Stepper Driver Current


You can adjust the current on each axis of the LongMill MK2. It is set to 2.0-2.2A by default. At this configuration, the LongMill has a max current draw of 8.8A (4 drivers x 2.2A).

Some users may choose to increase or decrease their current settings to change the torque and speed characteristics. If you choose to adjust the default current settings, please do thorough research on the impact of current and motor performance before making changes.


Adjusting the current settings on your machine can significantly impact the performance of your machine, and incorrectly changing the current settings may cause issues and damage. Please note that improperly set current settings may:

  • Cause your machine to perform poorly. Current settings that are too high may cause excessive resonance and vibration, whereas too low of a setting may lack torque and cause missed steps.
  • Affect the performance and torque output of the motors change depending on your speed.
  • Overheat your drivers and motors

If you do choose to adjust these settings, we recommend:

  • Testing your machine at different speeds
  • Checking the temperature of your motors and drivers, and consider adding a fan to prevent overheating

Adjusting the Current

To adjust the current, simply use a small screwdriver to turn the potentiometer to the current setting you want. The two small notches on the head of the potentiometer help indicate the position and the numbers on the silkscreen correspond to the current at that location.

Making adjustments to your current can improve the overall performance of your machine. For the majority of users, you should not have to adjust your current settings for normal use. We recommend adjusting your driver to the position shown below.

If you’ve checked your mechanical parts and have issues with:

  • Vibrations or resonance
  • Missed steps
  • Overheating

We recommend adjusting your current settings.

Download the instructions to adjust the drivers.

Some theory

A bipolar stepper motor of the type that we use for the LongMill has two sets of coils that produce a magnetic field when the driver provides a current. The driver changes the polarity of the coils to attract or repel an inner magnetic rotor to turn the stepper motor clockwise or counterclockwise, as well as change the speed of the motor by adjusting the frequency of the changes in polarity and magnetic field. 


Stepper motors, by design, lose torque the faster they turn. CNC machines that use stepper motors should have enough torque throughout their intended operating speeds to function properly. The LongMill, by default, is set to 4000mm/min in the X and Y direction, but can in most cases actually move much faster, in the ballpark of 7000mm/min to 10,000mm/min. We restrict the max speeds on the LongMill to ensure that your machine has enough torque to work reliably.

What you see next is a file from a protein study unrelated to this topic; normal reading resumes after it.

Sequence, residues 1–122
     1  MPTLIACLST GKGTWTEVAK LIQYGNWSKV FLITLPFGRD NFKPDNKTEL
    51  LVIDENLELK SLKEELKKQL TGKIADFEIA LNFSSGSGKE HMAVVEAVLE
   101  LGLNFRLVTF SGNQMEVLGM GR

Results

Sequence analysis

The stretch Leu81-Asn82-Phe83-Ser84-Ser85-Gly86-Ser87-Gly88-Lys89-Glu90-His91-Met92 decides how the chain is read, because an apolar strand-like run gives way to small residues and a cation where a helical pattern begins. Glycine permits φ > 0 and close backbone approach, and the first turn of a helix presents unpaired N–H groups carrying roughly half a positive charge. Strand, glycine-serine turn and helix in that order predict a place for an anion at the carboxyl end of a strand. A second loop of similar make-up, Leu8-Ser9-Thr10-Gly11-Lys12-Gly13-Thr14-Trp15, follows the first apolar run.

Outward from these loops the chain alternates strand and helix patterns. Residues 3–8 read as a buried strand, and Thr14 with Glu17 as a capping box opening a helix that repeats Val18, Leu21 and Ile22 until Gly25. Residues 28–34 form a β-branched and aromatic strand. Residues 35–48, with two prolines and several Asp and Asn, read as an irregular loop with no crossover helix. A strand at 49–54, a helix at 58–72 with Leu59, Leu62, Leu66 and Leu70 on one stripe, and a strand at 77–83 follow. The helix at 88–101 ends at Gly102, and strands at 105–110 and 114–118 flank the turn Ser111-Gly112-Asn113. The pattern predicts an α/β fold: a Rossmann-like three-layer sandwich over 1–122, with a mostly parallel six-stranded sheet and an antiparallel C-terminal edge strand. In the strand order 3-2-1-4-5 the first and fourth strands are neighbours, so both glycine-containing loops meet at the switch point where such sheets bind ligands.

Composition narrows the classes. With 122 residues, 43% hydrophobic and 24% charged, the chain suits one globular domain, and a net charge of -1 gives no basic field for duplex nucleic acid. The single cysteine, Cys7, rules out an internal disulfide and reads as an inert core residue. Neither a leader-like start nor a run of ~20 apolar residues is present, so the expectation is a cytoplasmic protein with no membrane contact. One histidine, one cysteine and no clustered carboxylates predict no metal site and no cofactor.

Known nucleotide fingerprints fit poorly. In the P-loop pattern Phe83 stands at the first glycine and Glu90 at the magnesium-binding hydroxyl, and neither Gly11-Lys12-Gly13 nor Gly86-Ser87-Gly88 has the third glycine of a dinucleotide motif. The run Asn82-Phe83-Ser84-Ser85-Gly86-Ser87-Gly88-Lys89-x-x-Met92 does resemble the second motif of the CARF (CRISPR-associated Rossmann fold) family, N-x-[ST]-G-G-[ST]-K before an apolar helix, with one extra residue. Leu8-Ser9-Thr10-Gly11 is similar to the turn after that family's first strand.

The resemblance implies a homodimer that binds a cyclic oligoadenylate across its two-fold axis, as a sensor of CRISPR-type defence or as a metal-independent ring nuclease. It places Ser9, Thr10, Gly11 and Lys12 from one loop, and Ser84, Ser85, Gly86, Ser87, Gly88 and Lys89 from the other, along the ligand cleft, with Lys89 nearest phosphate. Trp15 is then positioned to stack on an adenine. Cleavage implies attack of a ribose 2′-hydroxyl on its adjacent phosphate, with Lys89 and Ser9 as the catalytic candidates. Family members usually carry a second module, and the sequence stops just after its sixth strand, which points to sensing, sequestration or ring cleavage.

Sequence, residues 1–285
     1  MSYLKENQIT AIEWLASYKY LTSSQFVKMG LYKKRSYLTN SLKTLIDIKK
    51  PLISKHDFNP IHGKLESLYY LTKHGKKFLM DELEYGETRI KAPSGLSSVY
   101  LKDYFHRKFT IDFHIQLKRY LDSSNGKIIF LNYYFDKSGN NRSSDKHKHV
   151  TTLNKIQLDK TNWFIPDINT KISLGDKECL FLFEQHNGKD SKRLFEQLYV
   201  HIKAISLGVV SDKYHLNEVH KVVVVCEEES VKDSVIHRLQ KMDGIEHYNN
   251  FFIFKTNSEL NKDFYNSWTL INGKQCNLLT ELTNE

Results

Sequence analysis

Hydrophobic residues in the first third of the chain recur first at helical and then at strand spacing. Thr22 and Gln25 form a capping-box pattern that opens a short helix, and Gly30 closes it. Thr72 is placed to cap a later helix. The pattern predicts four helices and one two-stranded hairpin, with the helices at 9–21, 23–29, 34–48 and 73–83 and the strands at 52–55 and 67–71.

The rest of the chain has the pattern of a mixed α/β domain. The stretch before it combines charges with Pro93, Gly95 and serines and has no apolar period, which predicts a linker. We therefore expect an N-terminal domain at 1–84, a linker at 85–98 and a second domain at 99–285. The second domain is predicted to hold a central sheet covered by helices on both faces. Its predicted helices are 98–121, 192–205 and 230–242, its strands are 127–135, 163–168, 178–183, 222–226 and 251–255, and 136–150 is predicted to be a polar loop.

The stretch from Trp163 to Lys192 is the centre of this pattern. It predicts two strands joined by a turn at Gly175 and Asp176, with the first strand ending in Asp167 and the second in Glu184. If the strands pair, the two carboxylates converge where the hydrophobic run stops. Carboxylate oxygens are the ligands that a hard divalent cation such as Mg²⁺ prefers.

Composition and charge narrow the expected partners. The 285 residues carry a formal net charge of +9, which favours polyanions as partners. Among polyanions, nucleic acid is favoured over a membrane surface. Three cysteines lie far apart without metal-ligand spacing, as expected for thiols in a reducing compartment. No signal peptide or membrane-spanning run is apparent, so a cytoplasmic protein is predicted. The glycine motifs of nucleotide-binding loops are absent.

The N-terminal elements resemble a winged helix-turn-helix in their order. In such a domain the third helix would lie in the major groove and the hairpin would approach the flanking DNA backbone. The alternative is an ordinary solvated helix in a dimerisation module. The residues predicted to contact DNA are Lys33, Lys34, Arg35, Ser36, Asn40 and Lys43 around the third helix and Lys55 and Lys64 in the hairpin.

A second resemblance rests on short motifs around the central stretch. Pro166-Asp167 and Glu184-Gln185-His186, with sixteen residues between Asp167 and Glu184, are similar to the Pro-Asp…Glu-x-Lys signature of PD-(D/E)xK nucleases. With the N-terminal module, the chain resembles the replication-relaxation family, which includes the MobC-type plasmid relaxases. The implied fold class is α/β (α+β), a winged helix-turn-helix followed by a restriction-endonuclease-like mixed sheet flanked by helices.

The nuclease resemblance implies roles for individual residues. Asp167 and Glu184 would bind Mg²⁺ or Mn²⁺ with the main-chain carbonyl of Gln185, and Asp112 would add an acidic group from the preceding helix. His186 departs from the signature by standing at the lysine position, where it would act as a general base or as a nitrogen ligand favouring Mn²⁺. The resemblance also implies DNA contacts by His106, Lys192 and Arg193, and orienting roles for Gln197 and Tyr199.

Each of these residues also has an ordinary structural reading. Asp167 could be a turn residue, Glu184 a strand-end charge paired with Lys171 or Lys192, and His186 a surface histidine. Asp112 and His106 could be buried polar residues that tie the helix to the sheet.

Generally speaking, the motor torque is proportional to current, but due to losses and the inductance of the motor, this is typically not the case as the motor spins. It is important to understand that higher current does not necessarily mean better performance. Based on our observations, setting the driver to a lower current (1.8A-2.0A) has a lower torque at lower speeds, but has a flatter torque curve at higher speeds, which gives it a higher top speed while avoiding mid-frequency resonance which is discussed below.


Stepper motors hum and vibrate during operation. Due to the nature of stepper motors, when the rotation of the inner rotor overshoots or undershoots between each coil, more vibrations are produced. Much of this effect is typically created from having too much current.

In some cases, the vibrations match the resonant frequency of the motor, which can cause “mid-frequency resonance”. We’ve found that some LongMill MK2s can have a mid-frequency resonance area of around 4000mm/min.

With the dampening effect of the machine as a whole and the current settings of the drivers, this mid-frequency resonance can be largely eliminated.


When a stepper motor is operating at its resonant frequency, it can be heard by ear. You can test this by moving your machine at a variety of different speeds and observing the sound of the motor. A significant change in volume, buzzing, or rattling can indicate resonance. In extreme cases, your machine may stall at these speeds. Jog your machine back and forth in each axis at different speeds to identify speeds that have resonance.

  1. Properly adjust your Delrin nuts and v-wheels before starting the test. Make sure that your ACME locking nuts are set correctly as well. Set your current to the recommended setting before starting.
  2. Listen for resonance and vibrations and the varying speeds. 
  3. If you hear the resonance in your system, jog your machine back and forth at that speed
  4. Adjust your current potentiometer up or down until the resonance or vibration is reduced or eliminated. If you are using the LongMill’s standard stepper motors you want this to be above 1.5A and below 2.8A.
  5. Rerun the test gcode and note if there is any resonance at any other speeds
  6. Perform a test cut or project with your new settings and observe for any lost steps or vibrations